So… in summary (TL;DR): Dairy consumption has 2 extremes produced by geography and available diets: Lots of dairy including raw milk driven by Northern Europeans, and virtually zero dairy of any kind driven by the Chinese. Between those extremes are everybody else, who for the most part made use of fermented dairy for its calcium, but remain lactose intolerant.


A ha-ha is a recessed landscape design element that creates a vertical barrier while preserving an uninterrupted view of the landscape beyond.
The design includes a turfed incline which slopes downward to a sharply vertical face, typically a masonry retaining wall. Ha-has are used in landscape design to prevent access to a garden, for example by grazing livestock, without obstructing views. In security design, the element is used to deter vehicular access to a site while minimizing visual obstruction.
The name “ha-ha” may derive from the unexpected (i.e., amusing) moment of discovery when, on approach, the vertical drop suddenly becomes visible.


US woman sues casino that ‘offered dinner instead of $43m jackpot’

A US woman is suing a casino that told her the slot machine displaying a $43m (£34m) jackpot was faulty and offered a steak dinner instead, reports say.
Katrina Bookman took a selfie showing the machine saying “printing cash ticket $42,949,672.76” at the Resorts World Casino in New York last August.
But she was escorted out and was told the next day she could have just $2.25.
Her lawyer, Alan Ripka, says she is entitled to the full amount displayed on the machine.
The lawsuit filed at the Queens County Supreme Court said the Sphinx slot machine’s “bells, noises and lights” as well as the message on the screen told Ms Bookman she had won the jackpot, Courthouse News reported.
The subsequent disappointment left Ms Bookman anxious and depressed, the report said.
She is seeking damages from the casino for failing to maintain the slot machine as well as two companies that make and operate games machine, reports said.
A Resorts World spokesman said at the time that the machine had suffered an “obvious malfunction”.
The New York State Gaming Commission said the machine had been displaying a disclaimer that said “malfunctions void all pays and plays”.
But Mr Ripka told US media at the time that the casino had not responded to requests for an explanation about how the slot machine malfunctioned.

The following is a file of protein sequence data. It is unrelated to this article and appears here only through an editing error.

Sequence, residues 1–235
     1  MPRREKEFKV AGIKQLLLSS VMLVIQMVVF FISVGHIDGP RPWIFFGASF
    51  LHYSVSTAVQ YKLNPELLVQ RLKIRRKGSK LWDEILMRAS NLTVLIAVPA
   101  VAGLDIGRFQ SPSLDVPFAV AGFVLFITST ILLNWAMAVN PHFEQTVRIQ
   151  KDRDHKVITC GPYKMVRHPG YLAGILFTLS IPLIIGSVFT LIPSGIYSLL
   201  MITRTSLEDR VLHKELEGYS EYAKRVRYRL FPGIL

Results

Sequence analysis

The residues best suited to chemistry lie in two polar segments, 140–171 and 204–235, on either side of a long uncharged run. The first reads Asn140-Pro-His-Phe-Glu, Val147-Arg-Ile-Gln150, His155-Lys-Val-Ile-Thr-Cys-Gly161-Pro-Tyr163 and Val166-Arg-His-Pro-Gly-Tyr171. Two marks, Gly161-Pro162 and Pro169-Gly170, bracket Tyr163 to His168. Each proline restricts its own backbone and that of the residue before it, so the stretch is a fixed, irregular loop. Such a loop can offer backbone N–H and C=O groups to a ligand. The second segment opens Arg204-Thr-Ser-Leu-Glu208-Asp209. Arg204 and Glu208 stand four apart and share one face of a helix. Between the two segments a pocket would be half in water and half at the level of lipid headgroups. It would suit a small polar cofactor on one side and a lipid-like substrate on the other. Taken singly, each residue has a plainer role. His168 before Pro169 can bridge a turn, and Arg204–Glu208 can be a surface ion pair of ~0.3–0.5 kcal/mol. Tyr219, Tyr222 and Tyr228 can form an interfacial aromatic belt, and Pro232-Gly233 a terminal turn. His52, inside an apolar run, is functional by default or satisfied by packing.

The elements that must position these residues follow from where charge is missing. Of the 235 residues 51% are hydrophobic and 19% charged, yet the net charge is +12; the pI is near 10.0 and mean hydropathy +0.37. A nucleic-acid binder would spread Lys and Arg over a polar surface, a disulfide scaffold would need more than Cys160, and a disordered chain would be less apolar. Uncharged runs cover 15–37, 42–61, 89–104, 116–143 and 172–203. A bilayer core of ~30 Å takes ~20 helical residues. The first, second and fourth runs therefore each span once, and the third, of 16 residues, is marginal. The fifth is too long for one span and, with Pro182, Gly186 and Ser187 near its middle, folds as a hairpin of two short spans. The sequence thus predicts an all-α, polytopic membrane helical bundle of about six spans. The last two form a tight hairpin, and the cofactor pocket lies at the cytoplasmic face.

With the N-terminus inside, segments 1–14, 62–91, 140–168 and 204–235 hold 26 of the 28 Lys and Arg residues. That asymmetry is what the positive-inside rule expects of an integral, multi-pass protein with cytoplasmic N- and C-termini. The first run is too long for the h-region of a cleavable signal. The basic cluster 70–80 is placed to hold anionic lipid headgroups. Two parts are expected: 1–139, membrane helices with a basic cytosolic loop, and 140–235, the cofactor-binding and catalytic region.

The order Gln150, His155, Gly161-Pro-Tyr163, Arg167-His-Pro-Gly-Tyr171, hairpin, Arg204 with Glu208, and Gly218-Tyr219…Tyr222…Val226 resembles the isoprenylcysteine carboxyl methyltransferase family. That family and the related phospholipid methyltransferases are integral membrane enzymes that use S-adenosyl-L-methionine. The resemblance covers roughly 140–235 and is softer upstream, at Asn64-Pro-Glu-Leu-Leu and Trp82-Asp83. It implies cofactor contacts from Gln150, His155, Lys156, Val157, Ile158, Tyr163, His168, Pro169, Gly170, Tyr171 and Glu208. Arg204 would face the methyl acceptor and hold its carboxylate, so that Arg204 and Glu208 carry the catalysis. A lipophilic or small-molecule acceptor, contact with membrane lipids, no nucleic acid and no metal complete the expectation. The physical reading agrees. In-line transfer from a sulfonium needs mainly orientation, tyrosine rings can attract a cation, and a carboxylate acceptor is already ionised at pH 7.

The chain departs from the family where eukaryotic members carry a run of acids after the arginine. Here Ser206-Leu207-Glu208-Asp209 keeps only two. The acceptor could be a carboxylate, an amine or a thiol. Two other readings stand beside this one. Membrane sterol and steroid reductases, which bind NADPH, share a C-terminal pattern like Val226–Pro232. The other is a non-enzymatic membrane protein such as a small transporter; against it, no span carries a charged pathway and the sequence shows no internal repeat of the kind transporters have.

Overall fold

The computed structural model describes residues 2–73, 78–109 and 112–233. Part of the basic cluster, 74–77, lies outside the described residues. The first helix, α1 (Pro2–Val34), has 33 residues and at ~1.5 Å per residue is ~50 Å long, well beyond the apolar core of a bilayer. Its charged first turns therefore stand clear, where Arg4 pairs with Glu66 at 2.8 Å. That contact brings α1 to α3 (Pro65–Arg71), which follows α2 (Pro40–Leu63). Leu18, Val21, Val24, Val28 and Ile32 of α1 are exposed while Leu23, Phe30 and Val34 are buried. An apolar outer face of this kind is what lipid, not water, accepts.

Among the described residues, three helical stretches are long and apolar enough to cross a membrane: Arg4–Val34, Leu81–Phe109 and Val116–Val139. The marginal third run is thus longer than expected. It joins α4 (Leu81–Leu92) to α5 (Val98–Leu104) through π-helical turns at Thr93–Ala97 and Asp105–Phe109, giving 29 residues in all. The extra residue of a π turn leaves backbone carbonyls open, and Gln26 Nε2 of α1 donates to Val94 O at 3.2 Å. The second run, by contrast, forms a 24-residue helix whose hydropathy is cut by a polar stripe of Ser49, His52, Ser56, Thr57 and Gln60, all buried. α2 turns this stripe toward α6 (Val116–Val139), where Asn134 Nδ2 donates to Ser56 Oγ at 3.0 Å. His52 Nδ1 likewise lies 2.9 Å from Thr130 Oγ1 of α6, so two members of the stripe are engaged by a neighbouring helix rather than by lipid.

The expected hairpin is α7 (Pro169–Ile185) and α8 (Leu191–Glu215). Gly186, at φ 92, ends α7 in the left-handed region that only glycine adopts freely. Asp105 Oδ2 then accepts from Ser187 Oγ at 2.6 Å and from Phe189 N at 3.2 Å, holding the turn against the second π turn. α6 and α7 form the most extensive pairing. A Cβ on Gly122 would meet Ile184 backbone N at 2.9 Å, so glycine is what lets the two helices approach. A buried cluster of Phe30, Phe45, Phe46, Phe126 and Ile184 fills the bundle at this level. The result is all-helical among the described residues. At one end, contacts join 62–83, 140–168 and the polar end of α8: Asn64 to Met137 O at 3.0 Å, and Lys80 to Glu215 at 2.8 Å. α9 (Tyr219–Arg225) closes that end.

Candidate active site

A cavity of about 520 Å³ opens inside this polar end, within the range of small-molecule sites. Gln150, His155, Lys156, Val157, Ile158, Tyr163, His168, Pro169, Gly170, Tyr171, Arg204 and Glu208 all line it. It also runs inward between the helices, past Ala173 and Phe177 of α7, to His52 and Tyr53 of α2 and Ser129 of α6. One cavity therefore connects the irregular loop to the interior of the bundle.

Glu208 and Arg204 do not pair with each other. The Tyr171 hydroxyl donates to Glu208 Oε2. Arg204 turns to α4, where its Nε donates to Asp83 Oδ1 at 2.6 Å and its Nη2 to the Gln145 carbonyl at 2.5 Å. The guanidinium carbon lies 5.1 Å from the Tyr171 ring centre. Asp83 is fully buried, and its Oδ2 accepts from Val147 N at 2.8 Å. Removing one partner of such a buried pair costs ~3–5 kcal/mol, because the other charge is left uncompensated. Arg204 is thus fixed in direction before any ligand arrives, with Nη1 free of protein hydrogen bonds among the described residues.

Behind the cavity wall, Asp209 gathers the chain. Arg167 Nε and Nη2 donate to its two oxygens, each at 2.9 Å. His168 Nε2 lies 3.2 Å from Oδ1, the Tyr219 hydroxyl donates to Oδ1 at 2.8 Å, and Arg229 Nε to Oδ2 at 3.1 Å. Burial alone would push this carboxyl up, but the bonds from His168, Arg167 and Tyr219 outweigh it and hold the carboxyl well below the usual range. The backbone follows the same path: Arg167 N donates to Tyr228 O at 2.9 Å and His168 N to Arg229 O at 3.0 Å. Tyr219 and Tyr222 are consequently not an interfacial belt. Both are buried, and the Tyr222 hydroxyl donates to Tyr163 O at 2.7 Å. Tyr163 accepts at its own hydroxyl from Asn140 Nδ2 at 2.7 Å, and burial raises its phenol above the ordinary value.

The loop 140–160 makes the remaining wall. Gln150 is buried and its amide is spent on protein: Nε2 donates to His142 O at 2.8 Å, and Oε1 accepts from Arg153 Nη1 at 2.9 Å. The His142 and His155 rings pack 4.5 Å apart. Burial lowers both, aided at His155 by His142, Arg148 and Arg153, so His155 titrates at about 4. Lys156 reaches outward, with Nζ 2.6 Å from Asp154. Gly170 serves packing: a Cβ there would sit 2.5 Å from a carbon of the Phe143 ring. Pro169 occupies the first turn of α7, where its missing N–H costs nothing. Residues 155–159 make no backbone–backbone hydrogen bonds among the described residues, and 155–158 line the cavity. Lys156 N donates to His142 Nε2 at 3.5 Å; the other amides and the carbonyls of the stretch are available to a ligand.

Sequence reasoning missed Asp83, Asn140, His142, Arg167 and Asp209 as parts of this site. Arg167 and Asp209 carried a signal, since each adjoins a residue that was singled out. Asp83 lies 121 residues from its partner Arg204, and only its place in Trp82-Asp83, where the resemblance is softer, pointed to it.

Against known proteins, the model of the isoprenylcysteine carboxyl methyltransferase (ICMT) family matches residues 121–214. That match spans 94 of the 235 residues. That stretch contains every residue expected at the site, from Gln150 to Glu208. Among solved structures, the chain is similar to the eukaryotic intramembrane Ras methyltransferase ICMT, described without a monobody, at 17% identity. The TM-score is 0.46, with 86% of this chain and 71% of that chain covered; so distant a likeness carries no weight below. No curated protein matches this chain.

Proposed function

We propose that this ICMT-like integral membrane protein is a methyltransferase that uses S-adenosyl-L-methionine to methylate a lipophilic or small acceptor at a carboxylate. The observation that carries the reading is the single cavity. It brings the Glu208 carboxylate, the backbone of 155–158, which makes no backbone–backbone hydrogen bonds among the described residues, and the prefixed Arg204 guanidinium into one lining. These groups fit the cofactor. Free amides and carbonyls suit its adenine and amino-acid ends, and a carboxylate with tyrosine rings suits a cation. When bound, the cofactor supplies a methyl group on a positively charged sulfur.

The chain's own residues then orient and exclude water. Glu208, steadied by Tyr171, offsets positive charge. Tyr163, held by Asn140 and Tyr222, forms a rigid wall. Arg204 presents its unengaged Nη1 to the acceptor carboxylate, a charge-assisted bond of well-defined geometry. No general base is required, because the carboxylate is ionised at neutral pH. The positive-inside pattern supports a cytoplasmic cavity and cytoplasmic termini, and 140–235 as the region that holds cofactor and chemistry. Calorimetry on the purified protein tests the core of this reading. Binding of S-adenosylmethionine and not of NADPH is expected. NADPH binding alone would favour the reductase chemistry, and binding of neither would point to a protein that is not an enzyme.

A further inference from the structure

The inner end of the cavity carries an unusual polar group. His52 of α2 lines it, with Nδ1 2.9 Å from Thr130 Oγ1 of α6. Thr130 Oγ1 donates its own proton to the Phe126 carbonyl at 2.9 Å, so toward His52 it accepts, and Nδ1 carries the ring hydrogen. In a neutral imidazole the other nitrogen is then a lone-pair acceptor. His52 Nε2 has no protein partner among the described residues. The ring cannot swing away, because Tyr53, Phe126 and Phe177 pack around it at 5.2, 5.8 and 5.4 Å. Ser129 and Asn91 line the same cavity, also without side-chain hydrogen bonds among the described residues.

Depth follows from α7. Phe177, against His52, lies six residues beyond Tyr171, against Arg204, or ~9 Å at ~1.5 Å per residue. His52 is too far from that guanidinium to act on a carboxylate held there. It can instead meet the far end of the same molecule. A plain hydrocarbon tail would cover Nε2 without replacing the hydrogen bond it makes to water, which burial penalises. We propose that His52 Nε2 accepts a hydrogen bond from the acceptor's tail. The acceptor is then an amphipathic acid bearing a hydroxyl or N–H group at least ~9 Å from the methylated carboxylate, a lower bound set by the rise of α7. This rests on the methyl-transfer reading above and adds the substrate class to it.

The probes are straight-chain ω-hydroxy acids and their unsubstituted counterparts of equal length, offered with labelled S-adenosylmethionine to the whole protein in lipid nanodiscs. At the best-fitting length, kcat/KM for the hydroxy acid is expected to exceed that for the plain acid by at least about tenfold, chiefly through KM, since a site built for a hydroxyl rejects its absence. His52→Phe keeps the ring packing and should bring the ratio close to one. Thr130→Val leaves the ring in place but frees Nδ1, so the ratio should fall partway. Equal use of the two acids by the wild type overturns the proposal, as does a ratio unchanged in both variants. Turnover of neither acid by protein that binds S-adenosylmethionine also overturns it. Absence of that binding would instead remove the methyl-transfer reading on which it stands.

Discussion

In 2011 the Iowa Supreme Court denied an 87-year old grandmother a payout of $42m after a Miss Kitty slot machine showed a message saying she had won a bonus of that amount.
The casino said it had been a malfunction and offered her $1.85 based on the symbols the machine was displaying at the time.


That Time the TSA Found a Scientist’s 3-D-Printed Mouse Penis

When Martin Cohn passed through airport security at Ronald Reagan Airport, he figured that he’d probably get some questions about the 3-D-printed model of a mouse penis in his bag.

The model is 15 centimeters long, made of clear translucent plastic, and indisputably phallic— like the dismembered member of some monstrous, transparent, 11-foot rodent. One of Cohn’s colleagues had already been questioned about it when she carried it on an outward flight from Gainesville to Washington D.C. She put it through the security scanner, and the bag got pulled. A TSA official looked inside, winked at her, and let her go. She was amused but embarrassed, so Cohn offered to take the model home on the return flight.

Once again, the bag was pulled. A TSA officer asked if Cohn had anything sharp or fragile inside. Yes, he said, some 3-D-printed anatomical models. They’re pretty fragile. The officer pulled out two models of mouse embryos, nodded to herself, and moved on. “And then,” Cohn recalls, “she pulled out this mouse penis by its base, like it was Excalibur.”

What is this?

“Do you need to know or do you want to know?” said Cohn.

I’m curious, she replied.

“It’s a 3-D print-out of an adult mouse penis.”

A what?

“A 3-D print-out of an adult mouse penis.”

Oh no it isn’t.

“It is.”

The officer called over three of her colleagues and asked them to guess what it is. No one said anything, so Cohn told them. They fell apart laughing.

“Technically it’s not even my dolphin vagina mold. I was carrying it for someone.”
Continue at the Atlantic